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your original premise that it is not possible to get 1920x1080 onto hd dvd or blu-ray, is jsut plain wrong and we havent see nanything from you or anyone else as evidence to say any different.

And thats the crux of the matter you guys have been ignoring. The counter arguments and "evidence" are simply not relevant to the final HD DVD/Blu-ray product.

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I think the issue here is some are arguing purely from a capture point at the time of photograpy, while other are arguing of what actually makes it to the end product - HD DVD/Blu-ray.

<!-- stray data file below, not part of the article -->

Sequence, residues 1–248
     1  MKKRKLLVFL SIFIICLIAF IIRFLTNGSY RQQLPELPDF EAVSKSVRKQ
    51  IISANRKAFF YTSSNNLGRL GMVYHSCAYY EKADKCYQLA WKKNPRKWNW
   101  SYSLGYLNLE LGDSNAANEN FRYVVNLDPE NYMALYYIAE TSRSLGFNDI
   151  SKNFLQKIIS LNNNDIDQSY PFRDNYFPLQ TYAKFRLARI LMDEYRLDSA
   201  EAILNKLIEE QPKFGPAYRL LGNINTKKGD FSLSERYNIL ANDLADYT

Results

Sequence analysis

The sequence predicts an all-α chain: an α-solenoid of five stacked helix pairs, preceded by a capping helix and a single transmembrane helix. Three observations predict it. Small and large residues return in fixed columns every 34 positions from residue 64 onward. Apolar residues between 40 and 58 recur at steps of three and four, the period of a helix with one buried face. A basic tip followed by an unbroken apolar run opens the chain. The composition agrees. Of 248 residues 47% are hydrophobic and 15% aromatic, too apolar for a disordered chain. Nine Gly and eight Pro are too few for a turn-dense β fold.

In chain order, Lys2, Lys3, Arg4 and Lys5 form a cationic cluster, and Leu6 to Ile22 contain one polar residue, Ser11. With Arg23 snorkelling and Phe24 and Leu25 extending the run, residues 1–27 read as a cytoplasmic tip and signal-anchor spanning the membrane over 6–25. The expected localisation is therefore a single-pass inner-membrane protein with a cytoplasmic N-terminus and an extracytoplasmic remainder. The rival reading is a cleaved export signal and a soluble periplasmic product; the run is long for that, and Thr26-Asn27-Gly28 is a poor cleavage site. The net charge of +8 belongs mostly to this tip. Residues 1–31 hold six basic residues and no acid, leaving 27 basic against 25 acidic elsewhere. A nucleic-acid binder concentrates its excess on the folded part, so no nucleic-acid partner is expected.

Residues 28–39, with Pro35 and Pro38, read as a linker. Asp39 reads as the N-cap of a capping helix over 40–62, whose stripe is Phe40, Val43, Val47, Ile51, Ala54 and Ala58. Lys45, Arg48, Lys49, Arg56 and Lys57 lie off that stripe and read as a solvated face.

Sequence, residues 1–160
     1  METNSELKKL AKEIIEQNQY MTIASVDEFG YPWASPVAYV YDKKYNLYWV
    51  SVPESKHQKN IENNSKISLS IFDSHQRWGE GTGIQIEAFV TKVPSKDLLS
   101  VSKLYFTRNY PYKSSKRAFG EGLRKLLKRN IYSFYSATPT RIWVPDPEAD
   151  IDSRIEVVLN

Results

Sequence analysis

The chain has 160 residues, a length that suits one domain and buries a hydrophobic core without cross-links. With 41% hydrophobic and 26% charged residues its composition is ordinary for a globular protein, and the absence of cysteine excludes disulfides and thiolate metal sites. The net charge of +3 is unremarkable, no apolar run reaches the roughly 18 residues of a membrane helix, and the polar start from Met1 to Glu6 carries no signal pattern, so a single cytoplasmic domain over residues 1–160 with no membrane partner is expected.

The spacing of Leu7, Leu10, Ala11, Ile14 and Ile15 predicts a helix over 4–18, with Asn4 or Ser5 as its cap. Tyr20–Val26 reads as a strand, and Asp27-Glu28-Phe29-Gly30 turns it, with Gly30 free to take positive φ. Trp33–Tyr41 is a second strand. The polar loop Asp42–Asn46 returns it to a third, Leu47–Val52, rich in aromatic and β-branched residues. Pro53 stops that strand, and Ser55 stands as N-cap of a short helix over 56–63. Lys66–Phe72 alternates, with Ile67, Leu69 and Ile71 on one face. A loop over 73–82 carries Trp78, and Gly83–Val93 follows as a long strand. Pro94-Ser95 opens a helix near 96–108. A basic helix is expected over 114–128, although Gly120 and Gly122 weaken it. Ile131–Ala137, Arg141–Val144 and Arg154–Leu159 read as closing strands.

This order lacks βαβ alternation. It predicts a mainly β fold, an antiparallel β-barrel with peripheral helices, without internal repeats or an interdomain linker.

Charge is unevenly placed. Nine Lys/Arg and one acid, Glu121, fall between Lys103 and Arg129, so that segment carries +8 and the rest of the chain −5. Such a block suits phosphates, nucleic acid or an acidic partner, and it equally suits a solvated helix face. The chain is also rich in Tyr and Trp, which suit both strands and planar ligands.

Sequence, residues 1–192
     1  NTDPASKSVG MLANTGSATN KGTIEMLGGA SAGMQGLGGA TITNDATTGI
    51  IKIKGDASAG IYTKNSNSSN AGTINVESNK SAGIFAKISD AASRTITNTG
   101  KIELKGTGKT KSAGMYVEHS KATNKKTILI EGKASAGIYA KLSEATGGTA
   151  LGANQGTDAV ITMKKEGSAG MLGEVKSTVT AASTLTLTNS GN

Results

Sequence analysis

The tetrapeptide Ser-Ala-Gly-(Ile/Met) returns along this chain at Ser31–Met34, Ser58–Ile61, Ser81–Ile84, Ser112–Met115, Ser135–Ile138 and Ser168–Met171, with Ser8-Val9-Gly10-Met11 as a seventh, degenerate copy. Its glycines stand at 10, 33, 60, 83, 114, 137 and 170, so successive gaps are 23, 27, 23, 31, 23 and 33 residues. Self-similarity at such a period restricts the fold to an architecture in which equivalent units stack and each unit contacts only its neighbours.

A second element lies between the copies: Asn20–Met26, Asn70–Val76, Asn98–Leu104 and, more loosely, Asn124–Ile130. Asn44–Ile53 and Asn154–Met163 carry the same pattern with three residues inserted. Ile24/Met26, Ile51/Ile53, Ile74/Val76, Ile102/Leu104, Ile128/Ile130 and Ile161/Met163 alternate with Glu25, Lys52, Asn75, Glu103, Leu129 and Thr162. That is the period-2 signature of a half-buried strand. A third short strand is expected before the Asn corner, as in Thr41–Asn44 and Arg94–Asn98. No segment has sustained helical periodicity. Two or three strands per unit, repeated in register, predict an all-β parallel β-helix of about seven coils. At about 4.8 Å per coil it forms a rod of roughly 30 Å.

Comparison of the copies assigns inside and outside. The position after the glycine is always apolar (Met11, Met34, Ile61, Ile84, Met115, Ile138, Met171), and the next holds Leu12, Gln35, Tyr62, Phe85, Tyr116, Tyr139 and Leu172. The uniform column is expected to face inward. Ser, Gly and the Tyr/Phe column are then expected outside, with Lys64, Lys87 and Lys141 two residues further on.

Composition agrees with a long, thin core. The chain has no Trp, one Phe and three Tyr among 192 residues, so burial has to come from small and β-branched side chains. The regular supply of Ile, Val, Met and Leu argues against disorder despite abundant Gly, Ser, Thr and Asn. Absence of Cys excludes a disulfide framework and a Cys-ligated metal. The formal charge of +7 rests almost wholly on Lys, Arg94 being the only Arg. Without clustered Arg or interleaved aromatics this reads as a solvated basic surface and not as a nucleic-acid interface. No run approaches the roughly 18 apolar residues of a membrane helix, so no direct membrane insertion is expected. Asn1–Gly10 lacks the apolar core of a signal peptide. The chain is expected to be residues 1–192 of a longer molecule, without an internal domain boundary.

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I don't have a dog in this race, but from an objective viewpoint there's a couple of you guys making arses of yourselves.

Well said. :)

I wonder if the "silent observers" amongst us agree on who? Or is it whom? :unsure::blink:

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Let me see if I can pause for breath here. I'll use my checkerboard analogy again.

Let's take our 1920x1080 black and white checkboard again, computer generated, so on the monitor it is pixel perfect. Now let's film that screen with the genesis camera, let it do its stuff, and then view the output. I think - and I could be wrong in this mind you - that what Al is stating is that the output would be a pixel perfect 1920x1080 checkerboard because the Genesis has sufficient resolution to fully resolve and produce a final image of 1920x1080.

What Own et al are saying - and again I could be going wide down leg side on this - is that that final image, while it may well be 1920x1080, will not be a perfect reproduction of our original screenshot, that the black pixels will be dark greyish and the white pixels will be light greyish.